So the majority of the analysis will be based on firms’ non-traditional insurance activities, which includes derivative trading, financial guarantees, non-policyholder liabilities, and short term funding. Life assurers were particularly irked about the inclusion of variable annuities in the list, which account for a significant chunk of their business. Moreover, many other insurers expressed concerns about the entire methodology (a compilation of responses can be viewed here), calling on IAIS to tread carefully in its work. In February, Julian Adams, Director of Insurance at the PRA, outlined that the UK regulator will be also examining the use of leverage, asset transformation and assumptions of credit risk at each firm when taking a decision on systemic importance.

Firms which are designated as G-SIIs will have to manage their risks effectively, in particular liquidity planning and management. IAIS’s proposed requirements for G-SIIs also includes a cascading approach to higher loss absorption capacity. The FT reported last month that any capital surcharge will only be applied to the part of the G-SIIs balance sheet which constitutes non-traditional non-insurance business—a welcome change from the original proposals if proven correct. Finally, G-SIIs, like their banking peers, will have to prepare recovery and resolution plans consistent with the FSB’s Key Attributes of Effective Resolution Regimes for Financial Institutions, with some insurance specific modifications. Resolution authorities typically will have more time to resolve/recover a failed insurer (as they not subject to ‘runs’, liabilities are more illiquid), but this is still a difficult process particularly in winding-up cross-border insurance firms. Insurers have some time to adapt to these changes. The higher loss absorption requirements will not kick-in until at least 2019; the other requirements will happen sooner, but are unlikely to affect what insurers to any great degree.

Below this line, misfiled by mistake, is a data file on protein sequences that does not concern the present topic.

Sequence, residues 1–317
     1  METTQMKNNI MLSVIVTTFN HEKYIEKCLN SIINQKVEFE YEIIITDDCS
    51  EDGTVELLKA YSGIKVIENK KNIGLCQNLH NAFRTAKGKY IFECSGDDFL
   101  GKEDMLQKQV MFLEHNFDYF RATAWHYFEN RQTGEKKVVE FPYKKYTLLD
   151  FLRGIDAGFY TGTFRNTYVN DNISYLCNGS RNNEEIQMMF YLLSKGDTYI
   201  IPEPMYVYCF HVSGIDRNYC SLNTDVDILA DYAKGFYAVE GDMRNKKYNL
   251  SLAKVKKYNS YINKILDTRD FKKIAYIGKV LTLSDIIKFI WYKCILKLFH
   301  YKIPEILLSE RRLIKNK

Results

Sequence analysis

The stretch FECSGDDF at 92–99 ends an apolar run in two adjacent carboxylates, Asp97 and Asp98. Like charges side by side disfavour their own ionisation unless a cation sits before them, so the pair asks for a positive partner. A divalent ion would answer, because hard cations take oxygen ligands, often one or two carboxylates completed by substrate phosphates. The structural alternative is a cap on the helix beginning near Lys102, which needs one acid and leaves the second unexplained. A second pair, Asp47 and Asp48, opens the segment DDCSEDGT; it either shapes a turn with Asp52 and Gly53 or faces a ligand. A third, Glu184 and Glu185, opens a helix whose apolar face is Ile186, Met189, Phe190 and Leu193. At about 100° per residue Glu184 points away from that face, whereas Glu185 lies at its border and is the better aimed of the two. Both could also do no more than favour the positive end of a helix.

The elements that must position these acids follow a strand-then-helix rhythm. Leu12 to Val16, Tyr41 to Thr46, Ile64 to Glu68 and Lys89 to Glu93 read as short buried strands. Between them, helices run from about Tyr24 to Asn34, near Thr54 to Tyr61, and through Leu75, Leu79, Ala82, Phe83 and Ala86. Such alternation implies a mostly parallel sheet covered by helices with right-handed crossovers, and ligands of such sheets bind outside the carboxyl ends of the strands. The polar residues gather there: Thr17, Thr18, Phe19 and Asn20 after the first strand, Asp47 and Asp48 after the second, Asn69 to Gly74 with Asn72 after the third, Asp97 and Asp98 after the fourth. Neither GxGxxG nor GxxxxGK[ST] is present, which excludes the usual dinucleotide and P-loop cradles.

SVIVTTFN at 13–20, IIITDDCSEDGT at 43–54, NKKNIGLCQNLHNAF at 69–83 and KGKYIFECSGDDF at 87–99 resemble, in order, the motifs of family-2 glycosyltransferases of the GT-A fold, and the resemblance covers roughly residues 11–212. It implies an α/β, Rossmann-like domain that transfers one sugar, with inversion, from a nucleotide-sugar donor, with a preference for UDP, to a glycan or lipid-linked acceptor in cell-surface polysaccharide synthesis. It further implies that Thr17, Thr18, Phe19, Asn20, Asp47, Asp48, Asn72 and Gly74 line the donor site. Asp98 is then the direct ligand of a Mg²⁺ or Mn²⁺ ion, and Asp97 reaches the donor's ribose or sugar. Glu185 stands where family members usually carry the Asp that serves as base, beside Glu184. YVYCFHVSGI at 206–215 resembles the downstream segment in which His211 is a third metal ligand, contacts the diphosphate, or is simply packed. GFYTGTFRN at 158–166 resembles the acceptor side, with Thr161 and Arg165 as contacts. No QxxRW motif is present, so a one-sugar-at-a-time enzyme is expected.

Since insurers can migrate in and out of G-SII status over time, they have incentives to adjust their risk profile and reduce their systemic importance where applicable. But there will definitely be a trade-off, particularly for life insurers, who are scrapping for high yields in the current environment. Some might look towards the non-banking system for this yield; others will stick to the knitting. For further information on the G-SII regime please see our October 2012 hot topic.


Wide deviation in supervising MMFs

ESMA published its Peer Review – Money Market Fund (MMF) Guidelines on 15 April 2013. The Peer Review was conducted last summer and looks at how EU Member States implemented CESR’s (ESMA’s predecessor) guidelines on a common definition of MMFs.

The guidelines identified two types of MMF in the EU – short-term money market funds and money market funds - and apply to both UCITS and non-UCITS. Only funds meeting the strict requirements for each type of MMF can call themselves an MMF. All other funds must not market themselves in any way as a MMF. Member States were supposed to implement the guidelines by 1 July 2011.

ESMA’s Peer Review discovers that six Member States have not yet implemented the guidelines, with another four Member States only implementing the guidelines since the Peer Review. Of those Member States that have implemented the guidelines there are some differences between how regulators supervise fund managers and funds to ensure compliance with the guidelines.

In particular, ESMA finds that some regulators pre-approve fund documentation for MMFs, whereas others will carry out ex-post monitoring of documentation. Additionally there are different supervisory approaches: Luxembourg applies specific MMF reporting requirements whereas all other regulators have not developed any specific supervisory practices for monitoring MMFs and their compliance with the guidelines, aside from reviewing annual and semi-annual report and accounts.